Straight line thinking stops HERE.
Euan goes onto say
To quote David Weinberger, one of the authors of The Cluetrain Manifesto, “conversations can only take place between equals”. This is to say that, at the point of the conversation taking place, both parties have to be willing to stand on an equal footing and be prepared to listen to each other as much as to open up and communicate. Even if one party is the chief executive and the other a new secretary, or one is a large multi nation corporation’s communications team and the other is a customer who had the temerity to complain – if, for the purposes of the conversation, they aren’t prepared to accord each other equal respect, then it is not a conversation but one party talking at another.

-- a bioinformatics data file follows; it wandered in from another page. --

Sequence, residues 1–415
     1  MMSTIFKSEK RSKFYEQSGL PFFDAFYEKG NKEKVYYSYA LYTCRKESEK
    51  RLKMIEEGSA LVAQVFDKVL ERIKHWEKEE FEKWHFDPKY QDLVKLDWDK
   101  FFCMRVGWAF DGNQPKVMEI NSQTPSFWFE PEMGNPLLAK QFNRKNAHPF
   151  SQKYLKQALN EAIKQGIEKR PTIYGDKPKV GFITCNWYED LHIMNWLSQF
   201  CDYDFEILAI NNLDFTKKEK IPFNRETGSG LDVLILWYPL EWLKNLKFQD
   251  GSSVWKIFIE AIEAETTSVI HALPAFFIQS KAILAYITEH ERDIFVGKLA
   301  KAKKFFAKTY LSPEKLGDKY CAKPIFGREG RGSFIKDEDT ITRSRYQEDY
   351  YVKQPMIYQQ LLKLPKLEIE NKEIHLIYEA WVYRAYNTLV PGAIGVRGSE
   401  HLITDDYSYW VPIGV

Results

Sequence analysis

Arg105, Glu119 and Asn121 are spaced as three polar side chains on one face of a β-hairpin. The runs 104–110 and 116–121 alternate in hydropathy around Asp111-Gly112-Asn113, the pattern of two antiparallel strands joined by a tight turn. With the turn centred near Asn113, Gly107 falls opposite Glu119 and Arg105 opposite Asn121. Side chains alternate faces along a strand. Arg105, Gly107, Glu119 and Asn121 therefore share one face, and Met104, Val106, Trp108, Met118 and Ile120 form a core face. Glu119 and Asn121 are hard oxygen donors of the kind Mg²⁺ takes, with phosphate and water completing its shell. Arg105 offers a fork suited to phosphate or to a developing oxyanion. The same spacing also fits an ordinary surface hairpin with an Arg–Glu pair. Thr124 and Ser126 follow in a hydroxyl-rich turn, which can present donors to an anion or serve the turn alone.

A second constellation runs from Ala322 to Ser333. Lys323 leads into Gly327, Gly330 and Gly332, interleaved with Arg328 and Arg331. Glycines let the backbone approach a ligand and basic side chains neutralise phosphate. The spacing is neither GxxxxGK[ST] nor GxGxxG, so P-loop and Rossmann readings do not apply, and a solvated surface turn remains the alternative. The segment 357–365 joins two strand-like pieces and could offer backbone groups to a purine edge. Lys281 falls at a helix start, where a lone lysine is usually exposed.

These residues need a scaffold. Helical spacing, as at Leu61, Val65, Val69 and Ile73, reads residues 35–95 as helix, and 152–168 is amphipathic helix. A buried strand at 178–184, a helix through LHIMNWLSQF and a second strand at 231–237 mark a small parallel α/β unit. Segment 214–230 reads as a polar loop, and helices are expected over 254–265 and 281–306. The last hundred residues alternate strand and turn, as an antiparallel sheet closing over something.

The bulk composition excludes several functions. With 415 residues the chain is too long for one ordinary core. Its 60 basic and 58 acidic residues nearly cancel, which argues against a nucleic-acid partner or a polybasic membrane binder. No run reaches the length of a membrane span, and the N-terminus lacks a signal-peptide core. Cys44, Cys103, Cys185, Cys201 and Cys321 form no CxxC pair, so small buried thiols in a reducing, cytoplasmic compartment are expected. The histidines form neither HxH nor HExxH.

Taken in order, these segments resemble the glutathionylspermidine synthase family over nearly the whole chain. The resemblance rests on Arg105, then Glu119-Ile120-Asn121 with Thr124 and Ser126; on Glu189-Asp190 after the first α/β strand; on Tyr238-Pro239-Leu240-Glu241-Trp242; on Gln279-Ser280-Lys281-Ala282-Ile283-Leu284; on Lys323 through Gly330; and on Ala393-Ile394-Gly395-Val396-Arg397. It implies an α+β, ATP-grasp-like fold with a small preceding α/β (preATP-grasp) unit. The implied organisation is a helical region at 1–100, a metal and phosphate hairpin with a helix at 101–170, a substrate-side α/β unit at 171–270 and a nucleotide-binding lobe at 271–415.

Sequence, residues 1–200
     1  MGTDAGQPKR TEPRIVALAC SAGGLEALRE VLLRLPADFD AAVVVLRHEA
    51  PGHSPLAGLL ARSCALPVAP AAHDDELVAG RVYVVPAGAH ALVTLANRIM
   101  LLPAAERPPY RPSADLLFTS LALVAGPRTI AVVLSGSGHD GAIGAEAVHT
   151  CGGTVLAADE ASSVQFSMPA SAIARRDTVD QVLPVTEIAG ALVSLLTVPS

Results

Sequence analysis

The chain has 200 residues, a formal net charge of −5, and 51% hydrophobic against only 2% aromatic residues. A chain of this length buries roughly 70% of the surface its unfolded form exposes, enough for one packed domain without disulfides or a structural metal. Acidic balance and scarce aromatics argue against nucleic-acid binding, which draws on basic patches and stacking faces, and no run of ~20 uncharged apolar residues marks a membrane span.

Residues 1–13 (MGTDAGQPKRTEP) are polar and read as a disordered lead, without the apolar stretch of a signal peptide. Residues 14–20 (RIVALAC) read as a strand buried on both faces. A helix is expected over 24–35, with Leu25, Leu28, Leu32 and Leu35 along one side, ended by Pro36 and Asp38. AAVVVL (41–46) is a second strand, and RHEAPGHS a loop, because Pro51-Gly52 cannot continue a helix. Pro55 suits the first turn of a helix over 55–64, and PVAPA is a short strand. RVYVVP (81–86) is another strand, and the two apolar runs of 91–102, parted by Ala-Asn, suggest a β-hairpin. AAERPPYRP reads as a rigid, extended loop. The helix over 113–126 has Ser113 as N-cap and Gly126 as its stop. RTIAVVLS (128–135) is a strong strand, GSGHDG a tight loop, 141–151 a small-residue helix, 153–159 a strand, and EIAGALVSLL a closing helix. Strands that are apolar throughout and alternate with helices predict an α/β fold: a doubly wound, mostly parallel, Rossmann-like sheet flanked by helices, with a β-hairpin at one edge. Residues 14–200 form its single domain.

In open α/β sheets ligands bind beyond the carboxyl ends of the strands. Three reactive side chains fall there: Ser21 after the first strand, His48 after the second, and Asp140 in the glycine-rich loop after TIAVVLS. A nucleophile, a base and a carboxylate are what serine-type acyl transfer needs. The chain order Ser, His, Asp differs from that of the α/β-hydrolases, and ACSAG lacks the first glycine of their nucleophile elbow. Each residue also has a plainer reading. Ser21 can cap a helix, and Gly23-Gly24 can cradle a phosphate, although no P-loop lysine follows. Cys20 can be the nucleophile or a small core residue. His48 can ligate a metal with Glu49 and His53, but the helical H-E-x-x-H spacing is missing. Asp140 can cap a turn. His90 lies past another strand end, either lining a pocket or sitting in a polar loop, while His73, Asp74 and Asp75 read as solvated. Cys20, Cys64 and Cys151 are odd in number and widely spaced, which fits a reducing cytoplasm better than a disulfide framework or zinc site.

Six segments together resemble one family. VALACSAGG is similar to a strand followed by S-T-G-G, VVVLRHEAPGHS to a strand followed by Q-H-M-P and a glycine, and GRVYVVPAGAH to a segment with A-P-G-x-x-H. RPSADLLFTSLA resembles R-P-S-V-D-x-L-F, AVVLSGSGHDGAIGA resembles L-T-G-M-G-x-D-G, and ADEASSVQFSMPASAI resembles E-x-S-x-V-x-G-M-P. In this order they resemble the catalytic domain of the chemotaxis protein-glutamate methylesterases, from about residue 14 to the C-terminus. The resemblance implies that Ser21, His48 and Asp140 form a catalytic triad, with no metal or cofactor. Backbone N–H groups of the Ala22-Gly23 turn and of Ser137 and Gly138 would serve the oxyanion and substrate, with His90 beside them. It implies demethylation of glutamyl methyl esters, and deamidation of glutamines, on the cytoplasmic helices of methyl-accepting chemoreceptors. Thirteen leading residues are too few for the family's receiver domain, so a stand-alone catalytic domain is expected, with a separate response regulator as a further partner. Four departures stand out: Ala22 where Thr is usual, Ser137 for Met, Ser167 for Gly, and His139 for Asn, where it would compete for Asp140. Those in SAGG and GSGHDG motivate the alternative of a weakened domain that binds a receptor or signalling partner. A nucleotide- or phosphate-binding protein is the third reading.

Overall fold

Now we are obsessed with BIG, big media likes big business, but lets get some perspective. 80% of the GDP of this country comes from SME’S, even though big media likes to focus on ‘big business’, and ‘big things’. The reality is that the engine room of growth in the UK are the SME’s. They are more likely to want to have a more conversational and to be hinest cheaper and more direct relationship with their customers. Zappo’s insist very member of its company is on twitter – to become part of the permeable human interface in a distributed economic network.
And this communications revolution is about people, its not about organisations. Personally, the term, ‘social media’ makes me gag, like Enterprise 2.0 seems to have the same physiological effect on Stowe and Euan. Social Media, is BIG media’s effort in wanting to cosy up to the communications revolution because it threatens their very existence.